All rise to this evocative, empowering offering.

LET LIBERTY RISE!

HOW AMERICA’S SCHOOLCHILDREN HELPED SAVE THE STATUE OF LIBERTY

Here’s the inspiring story of how ordinary citizens helped the Statue of Liberty literally stand up.

In spring 1885, Lady Liberty sailed from France, packed in pieces in 214 crates, and waited on what was to be renamed Liberty Island in New York Harbor. The pedestal on which France’s gift to the United States was to stand was barely half built; the money had run out, and New York’s wealthiest refused to underwrite its completion. Enter Joseph Pulitzer, publisher of the New York World. To encourage the public’s generosity, he promised to print the name of every contributor to the pedestal fund, no matter how tiny the amount donated. Money flooded in from around the country, much of it from children who relinquished savings set aside for desired treats. The campaign raised $100,000, and, with additional funds from Congress, the pedestal was completed. Finally, Lady Liberty was assembled and installed, and a grand parade and flotilla celebrated her in October 1886. Sparkling language movingly describes how everyday folks effected powerful change. Readers will relish knowing that kids played a pivotal role in the campaign; many actual quotes from children are included. Lively, colorful illustrations capturing the period depict diverse characters and wonderful perspectives; a 90-degree turn of the book near the end sets Liberty against a fireworks backdrop. The backmatter includes fascinating informative material. (This book was reviewed digitally with 9-by-22-inch double-page spreads viewed at 45.5% of actual size.)

All rise to this evocative, empowering offering. (timeline, further facts, bibliography, photos) (Informational picture book. 6-9)

Pub Date: March 2, 2021

ISBN: 978-1-338-22588-4

Page Count: 40

Publisher: Scholastic

Review Posted Online: Dec. 15, 2020

Kirkus Reviews Issue: Jan. 1, 2021

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This lighthearted addition to the STEM shelf encourages children to question, hypothesize, experiment, and observe.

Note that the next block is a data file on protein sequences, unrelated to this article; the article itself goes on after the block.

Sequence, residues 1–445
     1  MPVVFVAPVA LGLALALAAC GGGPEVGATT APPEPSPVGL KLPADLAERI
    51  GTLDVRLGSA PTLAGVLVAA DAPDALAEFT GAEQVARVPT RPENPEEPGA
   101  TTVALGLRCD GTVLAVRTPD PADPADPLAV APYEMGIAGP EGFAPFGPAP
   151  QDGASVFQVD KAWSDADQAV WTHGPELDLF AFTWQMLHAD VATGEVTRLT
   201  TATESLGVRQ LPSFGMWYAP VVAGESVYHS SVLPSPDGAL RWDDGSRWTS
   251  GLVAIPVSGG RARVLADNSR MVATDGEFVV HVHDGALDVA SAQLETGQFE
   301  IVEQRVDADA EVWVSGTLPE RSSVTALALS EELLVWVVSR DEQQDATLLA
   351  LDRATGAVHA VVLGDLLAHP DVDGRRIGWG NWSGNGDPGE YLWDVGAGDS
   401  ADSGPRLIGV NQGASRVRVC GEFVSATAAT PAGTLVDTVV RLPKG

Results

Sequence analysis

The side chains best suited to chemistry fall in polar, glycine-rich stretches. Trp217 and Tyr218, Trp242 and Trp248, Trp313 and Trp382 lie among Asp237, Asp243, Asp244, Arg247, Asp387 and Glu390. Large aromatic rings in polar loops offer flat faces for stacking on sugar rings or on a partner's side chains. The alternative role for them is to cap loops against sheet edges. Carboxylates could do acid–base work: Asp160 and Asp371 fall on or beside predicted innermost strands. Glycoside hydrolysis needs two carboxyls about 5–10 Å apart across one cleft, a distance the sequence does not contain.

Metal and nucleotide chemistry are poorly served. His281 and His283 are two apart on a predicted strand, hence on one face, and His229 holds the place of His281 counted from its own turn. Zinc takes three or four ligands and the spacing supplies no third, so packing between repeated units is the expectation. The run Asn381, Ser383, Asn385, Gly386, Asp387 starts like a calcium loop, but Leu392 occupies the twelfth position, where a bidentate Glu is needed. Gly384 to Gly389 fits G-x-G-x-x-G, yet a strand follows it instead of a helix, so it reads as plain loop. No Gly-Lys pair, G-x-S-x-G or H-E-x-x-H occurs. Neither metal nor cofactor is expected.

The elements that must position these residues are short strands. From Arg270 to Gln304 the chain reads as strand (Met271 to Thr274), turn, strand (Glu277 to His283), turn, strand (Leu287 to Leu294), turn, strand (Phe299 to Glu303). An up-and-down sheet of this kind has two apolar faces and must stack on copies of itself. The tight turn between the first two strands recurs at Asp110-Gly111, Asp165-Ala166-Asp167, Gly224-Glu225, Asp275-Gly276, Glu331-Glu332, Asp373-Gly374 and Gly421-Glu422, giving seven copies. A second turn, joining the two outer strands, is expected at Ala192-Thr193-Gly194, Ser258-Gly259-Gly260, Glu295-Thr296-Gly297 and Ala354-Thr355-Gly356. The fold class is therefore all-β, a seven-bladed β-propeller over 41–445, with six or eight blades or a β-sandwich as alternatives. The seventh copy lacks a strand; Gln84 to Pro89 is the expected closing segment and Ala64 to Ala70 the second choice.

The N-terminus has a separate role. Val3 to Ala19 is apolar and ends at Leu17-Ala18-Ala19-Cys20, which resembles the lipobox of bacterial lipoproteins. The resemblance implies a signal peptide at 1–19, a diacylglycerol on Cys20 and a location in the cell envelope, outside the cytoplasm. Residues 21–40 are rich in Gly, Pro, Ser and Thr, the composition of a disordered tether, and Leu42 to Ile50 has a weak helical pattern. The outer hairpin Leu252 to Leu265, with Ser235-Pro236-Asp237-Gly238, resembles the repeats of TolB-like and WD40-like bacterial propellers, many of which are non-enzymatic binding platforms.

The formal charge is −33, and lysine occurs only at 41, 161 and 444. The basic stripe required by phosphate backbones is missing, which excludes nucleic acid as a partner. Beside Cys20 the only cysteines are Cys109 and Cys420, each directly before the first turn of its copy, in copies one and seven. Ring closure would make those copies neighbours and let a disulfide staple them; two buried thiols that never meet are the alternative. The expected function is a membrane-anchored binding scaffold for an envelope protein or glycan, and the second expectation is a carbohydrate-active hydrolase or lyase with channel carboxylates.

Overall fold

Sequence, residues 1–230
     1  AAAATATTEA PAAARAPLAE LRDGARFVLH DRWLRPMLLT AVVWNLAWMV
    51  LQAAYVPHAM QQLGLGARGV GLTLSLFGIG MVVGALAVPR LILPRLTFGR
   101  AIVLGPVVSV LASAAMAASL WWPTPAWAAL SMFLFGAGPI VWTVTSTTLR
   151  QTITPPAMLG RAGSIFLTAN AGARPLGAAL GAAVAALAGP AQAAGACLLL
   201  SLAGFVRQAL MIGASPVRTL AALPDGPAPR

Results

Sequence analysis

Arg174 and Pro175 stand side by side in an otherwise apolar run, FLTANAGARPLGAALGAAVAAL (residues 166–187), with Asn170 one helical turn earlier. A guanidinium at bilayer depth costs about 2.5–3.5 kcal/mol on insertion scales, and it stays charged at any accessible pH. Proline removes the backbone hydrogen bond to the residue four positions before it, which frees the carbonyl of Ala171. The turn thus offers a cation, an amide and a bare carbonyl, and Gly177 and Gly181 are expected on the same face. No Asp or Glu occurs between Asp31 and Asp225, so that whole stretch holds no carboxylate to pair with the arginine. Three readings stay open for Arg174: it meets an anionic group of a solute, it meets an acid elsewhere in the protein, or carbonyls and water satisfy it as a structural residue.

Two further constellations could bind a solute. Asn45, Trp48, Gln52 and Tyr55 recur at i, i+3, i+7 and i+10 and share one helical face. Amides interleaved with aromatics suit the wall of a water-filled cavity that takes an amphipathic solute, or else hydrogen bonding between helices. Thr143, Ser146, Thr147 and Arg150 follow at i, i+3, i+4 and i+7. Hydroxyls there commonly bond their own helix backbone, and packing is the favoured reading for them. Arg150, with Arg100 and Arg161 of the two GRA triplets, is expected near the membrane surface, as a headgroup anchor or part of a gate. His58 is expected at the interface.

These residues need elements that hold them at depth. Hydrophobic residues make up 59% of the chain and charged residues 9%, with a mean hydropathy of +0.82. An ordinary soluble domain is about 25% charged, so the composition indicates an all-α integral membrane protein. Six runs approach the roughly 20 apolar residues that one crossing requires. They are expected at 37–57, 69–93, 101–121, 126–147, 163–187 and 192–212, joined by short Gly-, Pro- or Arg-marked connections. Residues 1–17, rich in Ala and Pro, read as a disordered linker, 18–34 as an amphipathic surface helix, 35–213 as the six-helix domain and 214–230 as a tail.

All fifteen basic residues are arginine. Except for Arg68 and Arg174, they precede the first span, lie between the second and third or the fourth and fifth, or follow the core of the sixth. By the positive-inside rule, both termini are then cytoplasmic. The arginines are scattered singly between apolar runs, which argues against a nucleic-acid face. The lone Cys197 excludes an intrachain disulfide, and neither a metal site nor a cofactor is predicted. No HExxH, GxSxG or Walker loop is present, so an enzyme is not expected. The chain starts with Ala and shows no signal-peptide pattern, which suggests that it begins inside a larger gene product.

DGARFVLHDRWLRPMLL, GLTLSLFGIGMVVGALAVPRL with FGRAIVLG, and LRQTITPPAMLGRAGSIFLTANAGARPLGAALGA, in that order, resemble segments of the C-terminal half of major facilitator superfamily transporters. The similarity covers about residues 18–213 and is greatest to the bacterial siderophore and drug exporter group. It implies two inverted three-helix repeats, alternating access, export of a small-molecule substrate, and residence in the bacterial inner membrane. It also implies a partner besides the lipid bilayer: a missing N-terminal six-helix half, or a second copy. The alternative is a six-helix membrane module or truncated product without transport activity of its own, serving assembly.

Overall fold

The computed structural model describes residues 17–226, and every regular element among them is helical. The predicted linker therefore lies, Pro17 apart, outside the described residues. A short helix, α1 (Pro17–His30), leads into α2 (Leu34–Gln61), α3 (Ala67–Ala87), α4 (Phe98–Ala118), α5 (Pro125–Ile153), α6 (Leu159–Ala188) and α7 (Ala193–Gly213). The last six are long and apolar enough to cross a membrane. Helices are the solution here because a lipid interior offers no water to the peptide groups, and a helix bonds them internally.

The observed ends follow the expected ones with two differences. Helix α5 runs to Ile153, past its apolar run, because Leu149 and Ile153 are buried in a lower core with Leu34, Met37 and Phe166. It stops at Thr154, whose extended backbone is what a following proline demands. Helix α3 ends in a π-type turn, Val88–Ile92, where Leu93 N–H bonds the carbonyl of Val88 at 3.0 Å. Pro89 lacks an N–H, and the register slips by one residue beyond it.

IT'S A ROUND, ROUND WORLD!

From the Joulia Copernicus series

In a confident first-person narrative, young scientist Joulia Copernicus debunks the story that Columbus “proved Earth is round.”

Informing readers that Columbus knew this fact, and so did most people of his time, Joulia also points out that “Ancient Greek, Islamic, and Indian scholars theorized that Earth was round WAY before Columbus’s time.” Confident Joulia explains how Columbus, shown as a haughty captain in the humorous, cartoon illustrations, and his fellow mariners confirmed Earth was round by discerning “that when ships sail away from you, they seem to disappear from the bottom. When they sail toward you, they appear from the top. On a flat Earth, you’d see the entire ship the entire time.” The accompanying illustrations, almost like animation cels, provide the visuals readers need to confirm these assertions. Joulia also turns to astronomy. A lunar eclipse is the highlight of a double-page spread with a large yellow sun, a personified blue and green Earth wearing sunglasses, and the moon moving in iterations through the Earth’s shadow. This shows readers that the Earth’s shadow is “ROUND!” Joulia has straight, brown hair and pale skin and is almost always the only human in any given illustration. It’s great to see a young woman scientist, but it’s too bad there’s not more diversity around her. Two experiments stimulate further exploration.

This lighthearted addition to the STEM shelf encourages children to question, hypothesize, experiment, and observe. (Informational picture book. 6-9)

Pub Date: Sept. 3, 2019

ISBN: 978-1-63592-128-1

Page Count: 40

Publisher: StarBerry Books

Review Posted Online: June 16, 2019

Kirkus Reviews Issue: July 1, 2019

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A book to share that celebrates an immigrant and his abiding love for his adopted country, its holidays, and his “home sweet...

IRVING BERLIN, THE IMMIGRANT BOY WHO MADE AMERICA SING

A Jewish immigrant from Russia gives America some of its most iconic and beloved songs.

When Israel Baline was just 5 years old, his family fled pogroms in the Russian Empire and landed in New York City’s Lower East Side community. In the 1890s the neighborhood was filled with the sights, smells, and, most of all, sounds of a very crowded but vibrant community of poor Europeans who sailed past the Statue of Liberty in New York’s harbor to make a new life. Israel, who later became Irving Berlin, was eager to capture those sounds in music. He had no formal musical training but succeeded grandly by melding the rich cantorial music of his father with the spirit of America. Churnin’s text focuses on Berlin’s early years and how his mother’s words were an inspiration for “God Bless America.” She does not actually refer to Berlin as Jewish until her author’s note. Sanchez’s digital illustrations busily fill the mostly dark-hued pages with angular faces and the recurring motif of a very long swirling red scarf, worn by Berlin throughout. Librarians should note that the CIP information and the timeline are on pages pasted to the inside covers.

A book to share that celebrates an immigrant and his abiding love for his adopted country, its holidays, and his “home sweet home.” (author’s note, timeline) (Picture book/biography. 6-9)

Pub Date: June 1, 2018

ISBN: 978-1-939547-44-6

Page Count: 32

Publisher: Creston

Review Posted Online: March 4, 2018

Kirkus Reviews Issue: March 15, 2018

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